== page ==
A petition signed by more than 600 people against the sale of the Brixton Hill campus of Lambeth college will be handed over to the council at their meeting tonight in a lobby of the campaign group.
The “Brixton needs a college” campaign calls upon Lambeth council and the Lambeth College board of Governors to hold a public hearing where Brixton students, staff and residents get an opportunity to voice their concerns regarding the sale.
Lambeth College management announced earlier this year that it is considering either selling a large part of the college on Brixton Hill to private developers and investing in the remaining part, or to sell it completely and relocate to another location in Brixton.
Alex Owolade, the chair of the Movement for Justice and one of the initiators of the campaign, said: “Lambeth has a long history where the workers in the community have always been strong. We want the board [of Lambeth College] to come to a public hearing where they can explain their proposals and we can feedback.”
According to the college, the Brixton centre is “underused, in poor condition and expensive to maintain.”
Mark Silverman, Principal and Chief Executive of Lambeth College, said: “Against a backdrop of public spending reductions, the redevelopment of our Brixton campus offers us a great opportunity to generate the necessary resources to maintain our presence in Brixton and secure the long-term future of Lambeth College as a whole.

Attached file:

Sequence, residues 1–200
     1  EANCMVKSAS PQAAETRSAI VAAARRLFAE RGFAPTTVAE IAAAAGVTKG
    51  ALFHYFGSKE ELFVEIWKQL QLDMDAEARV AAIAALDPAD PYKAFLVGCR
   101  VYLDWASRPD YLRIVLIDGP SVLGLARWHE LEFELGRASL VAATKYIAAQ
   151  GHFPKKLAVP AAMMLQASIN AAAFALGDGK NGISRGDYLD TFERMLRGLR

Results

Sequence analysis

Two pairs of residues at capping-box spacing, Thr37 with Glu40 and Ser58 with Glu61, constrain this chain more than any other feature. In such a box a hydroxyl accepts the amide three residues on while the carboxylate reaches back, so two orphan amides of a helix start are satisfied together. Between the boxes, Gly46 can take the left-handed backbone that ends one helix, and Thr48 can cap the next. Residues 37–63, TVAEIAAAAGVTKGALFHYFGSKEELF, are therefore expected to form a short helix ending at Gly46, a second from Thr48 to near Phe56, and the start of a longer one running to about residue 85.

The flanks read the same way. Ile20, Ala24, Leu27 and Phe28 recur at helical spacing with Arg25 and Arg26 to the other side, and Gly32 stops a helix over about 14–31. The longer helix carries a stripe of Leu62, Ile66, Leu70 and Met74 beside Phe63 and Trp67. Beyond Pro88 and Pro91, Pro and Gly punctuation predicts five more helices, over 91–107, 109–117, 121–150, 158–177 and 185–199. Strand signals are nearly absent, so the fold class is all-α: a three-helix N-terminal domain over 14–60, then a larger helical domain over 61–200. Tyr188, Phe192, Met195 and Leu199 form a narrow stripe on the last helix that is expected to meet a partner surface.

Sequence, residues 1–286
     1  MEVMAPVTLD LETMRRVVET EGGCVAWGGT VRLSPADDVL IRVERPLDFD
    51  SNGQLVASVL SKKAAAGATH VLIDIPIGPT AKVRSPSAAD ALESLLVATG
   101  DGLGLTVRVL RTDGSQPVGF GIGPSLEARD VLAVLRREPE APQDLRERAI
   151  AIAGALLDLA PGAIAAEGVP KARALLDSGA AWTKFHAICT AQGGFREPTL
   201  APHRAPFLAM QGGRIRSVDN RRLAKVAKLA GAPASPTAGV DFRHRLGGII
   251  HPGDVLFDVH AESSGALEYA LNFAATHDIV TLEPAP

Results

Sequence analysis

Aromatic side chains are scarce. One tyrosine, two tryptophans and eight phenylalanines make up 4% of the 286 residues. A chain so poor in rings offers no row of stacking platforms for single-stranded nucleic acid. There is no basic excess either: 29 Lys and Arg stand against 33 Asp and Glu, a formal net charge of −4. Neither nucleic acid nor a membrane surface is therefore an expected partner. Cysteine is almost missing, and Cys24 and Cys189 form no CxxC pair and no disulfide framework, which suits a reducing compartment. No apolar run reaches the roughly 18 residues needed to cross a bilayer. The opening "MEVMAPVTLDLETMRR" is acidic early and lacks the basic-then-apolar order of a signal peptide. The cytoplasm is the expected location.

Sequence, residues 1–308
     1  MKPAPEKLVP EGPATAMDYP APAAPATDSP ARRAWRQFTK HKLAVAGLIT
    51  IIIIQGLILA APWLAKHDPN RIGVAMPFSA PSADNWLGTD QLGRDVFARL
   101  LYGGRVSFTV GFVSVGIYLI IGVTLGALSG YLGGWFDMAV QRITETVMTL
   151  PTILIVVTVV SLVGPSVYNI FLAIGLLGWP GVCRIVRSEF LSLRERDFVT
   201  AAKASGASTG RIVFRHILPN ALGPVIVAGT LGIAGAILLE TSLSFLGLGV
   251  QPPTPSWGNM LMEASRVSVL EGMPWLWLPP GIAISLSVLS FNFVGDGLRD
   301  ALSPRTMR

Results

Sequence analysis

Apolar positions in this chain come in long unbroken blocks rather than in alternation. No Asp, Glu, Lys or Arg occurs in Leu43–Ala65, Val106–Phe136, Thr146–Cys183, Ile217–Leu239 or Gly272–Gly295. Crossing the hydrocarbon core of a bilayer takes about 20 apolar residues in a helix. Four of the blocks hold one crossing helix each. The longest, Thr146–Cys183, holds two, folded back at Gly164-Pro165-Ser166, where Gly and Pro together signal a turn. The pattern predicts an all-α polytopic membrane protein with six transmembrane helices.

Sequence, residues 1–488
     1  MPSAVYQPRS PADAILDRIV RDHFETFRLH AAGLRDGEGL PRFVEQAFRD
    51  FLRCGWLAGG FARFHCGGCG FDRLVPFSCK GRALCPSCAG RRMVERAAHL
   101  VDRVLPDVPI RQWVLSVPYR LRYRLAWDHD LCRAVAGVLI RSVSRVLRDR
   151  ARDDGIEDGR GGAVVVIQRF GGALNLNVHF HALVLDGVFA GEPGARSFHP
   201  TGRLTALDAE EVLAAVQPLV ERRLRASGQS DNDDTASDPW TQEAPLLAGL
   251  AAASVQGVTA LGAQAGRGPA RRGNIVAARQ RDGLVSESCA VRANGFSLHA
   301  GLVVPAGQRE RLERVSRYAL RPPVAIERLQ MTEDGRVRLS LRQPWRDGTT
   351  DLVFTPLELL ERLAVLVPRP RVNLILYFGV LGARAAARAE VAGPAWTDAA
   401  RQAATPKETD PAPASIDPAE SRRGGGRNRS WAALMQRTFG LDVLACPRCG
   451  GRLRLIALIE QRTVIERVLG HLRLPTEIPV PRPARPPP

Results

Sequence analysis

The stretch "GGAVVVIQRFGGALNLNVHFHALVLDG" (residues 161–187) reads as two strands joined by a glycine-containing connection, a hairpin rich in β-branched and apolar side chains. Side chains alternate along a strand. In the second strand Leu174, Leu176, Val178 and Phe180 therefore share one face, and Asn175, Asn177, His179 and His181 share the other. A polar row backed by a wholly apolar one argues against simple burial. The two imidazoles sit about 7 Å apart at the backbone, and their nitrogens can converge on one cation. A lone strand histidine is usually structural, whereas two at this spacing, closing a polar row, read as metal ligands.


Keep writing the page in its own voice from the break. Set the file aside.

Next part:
“This approach will meet the needs of the community, improve the quality of our offer and secure the long-term sustainability of the college.”
However, the move is being criticized by the campaigners for not consulting the community about their needs first.
They call into question the decision of the Lambeth College management to make a multi-million pound investment in their Clapham centre while reducing the educational services provided at the Brixton centre for financial reasons.
The aim is to get 1000 signatures on the petition before they hand it over at a lobby at the council meeting next Wednesday.
But, Mr Owolade added: “Whatever the council decides on Wednesday, it doesn’t matter. The decision of that council meeting is not the end of the issue for us.”
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With any luck they’ll sell off the prison next.
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